Cherry Hill, NJ – Back in March, New Jersey Governor Phil Murphy announced that his state had seen 3,040 overdose deaths in 2020 and an additional 540 deaths in January-February of 2021. This news arrived alongside his opioid policy proposals for 2021. The opioid epidemic has spread far and wide throughout the United States and has been declared a public health emergency. The Northeast United States is the hardest-hit region in the country, increasing the need for effective treatment centers in the area.
Opioids, including both illegal and prescription drugs, have highly addictive and often irreversible effects on the mind and body. They also pose a very high risk for overdose and death. This is especially true of street drugs that are laced with the drug fentanyl. Fentanyl is a powerful synthetic opioid that is 50 to 100 times more potent than morphine and is one of the lead contributors to the opioid crisis in New Jersey.
Part of Governor Murphy’s proposed policy is to increase the state budget for harm reduction programs by $1 million, which are the only proven way to prevent overdose deaths. Currently, there are not enough harm reduction centers in New Jersey to meet the needs of the community. Another part of his policy would expand access to naloxone (brand name Narcan) and reinforce the availability of medication for opioid use disorder.
These proposals show the state’s commitment to fighting overdose deaths. In the past, it’s been up to community leaders and mutual aid groups, like New Jersey Harm Reduction Coalition (NJHRC), to fill in the gaps in the state’s overdose prevention policies. NJHRC has distributed 6,000 naloxone kits since March 2020, preventing at least 45 overdose deaths and likely much more since most reversals are not reported. This is an excellent learning opportunity for the state to fund programs that get these lifesaving supplies directly to drug users without any stigma attached.
Keeping people alive should be the number one priority. Not every drug user is ready for recovery, but people who have access to harm reduction programs are less likely to die from an overdose. They are also five times more likely to start a drug treatment program in the future and three times more likely to stop chaotic drug use altogether.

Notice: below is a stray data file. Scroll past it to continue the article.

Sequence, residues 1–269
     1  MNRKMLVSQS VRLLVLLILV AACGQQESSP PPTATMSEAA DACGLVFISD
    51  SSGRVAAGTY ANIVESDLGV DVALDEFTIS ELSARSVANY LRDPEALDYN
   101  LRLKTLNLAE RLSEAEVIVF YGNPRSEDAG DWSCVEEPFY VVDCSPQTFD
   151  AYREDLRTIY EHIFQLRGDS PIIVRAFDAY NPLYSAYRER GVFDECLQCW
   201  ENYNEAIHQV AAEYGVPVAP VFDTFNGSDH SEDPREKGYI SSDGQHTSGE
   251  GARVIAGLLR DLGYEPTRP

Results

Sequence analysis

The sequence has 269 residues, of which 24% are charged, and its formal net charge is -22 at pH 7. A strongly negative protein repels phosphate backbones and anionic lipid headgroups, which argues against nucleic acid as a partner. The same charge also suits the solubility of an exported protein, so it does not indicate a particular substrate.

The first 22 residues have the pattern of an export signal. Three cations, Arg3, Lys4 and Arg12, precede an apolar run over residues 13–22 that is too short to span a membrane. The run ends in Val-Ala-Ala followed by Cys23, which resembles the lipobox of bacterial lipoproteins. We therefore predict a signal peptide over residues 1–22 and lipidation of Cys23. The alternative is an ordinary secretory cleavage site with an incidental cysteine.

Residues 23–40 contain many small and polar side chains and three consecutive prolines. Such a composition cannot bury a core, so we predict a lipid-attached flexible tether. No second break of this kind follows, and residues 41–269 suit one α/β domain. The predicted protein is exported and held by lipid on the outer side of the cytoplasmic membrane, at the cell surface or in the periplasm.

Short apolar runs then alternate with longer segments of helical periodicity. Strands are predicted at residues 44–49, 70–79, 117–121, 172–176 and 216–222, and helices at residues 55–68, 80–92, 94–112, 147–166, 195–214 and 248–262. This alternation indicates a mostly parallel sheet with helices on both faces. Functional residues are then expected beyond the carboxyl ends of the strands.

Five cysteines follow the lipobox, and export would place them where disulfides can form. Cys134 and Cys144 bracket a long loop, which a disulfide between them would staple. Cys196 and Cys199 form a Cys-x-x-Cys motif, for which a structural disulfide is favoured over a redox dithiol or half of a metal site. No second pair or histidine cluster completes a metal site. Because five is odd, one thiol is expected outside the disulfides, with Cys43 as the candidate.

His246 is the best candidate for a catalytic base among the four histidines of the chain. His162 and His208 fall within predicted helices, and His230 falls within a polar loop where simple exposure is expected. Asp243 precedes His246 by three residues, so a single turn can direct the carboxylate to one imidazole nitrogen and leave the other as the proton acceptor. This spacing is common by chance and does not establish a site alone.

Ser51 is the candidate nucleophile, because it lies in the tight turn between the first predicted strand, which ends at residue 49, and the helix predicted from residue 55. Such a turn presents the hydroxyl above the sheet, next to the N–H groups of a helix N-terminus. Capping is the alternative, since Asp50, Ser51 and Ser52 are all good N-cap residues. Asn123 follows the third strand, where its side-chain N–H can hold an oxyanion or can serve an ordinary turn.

Having access to successful recovery programs, like the ones offered at Legacy Healing Center in Cherry Hill, is another important piece in stopping this deadly epidemic. Legacy Healing Center recently opened a new behavioral health treatment center in Cherry Hill, New Jersey to better serve the Northeast region. “Our mission is to help lay the foundation for anyone who enters our community to learn to recover and address underlying issues so they can achieve a better life,” a Legacy spokesperson said.
With multiple treatment centers in South Florida that center around a holistic healing approach, Legacy Healing Center brings its unsurpassed clinical care to New Jersey. For many, local treatment is a better option when it's not possible to fly to another state to get adequate care. Legacy attributes the success of their programs to giving clients a safe place to heal where they can relax and begin to feel positive about themselves again.
Legacy Healing Center also offers a range of treatment programs to fit each individual’s needs and provide the least restrictive program without risking their chances of success in recovery. Legacy Healing Center’s multidisciplinary team determines the right level of care through a set of medical, psychiatric, and social assessments.
For those who are struggling or may know someone who is struggling with opioid addiction, Legacy Healing Center is here to help guide through the road of recovery. Give them a call today at (888) 534-2295. Their recovery specialists are available 24/7 to answer any questions and help to get started with treatment.
SOURCE: Press Advantage [Link]
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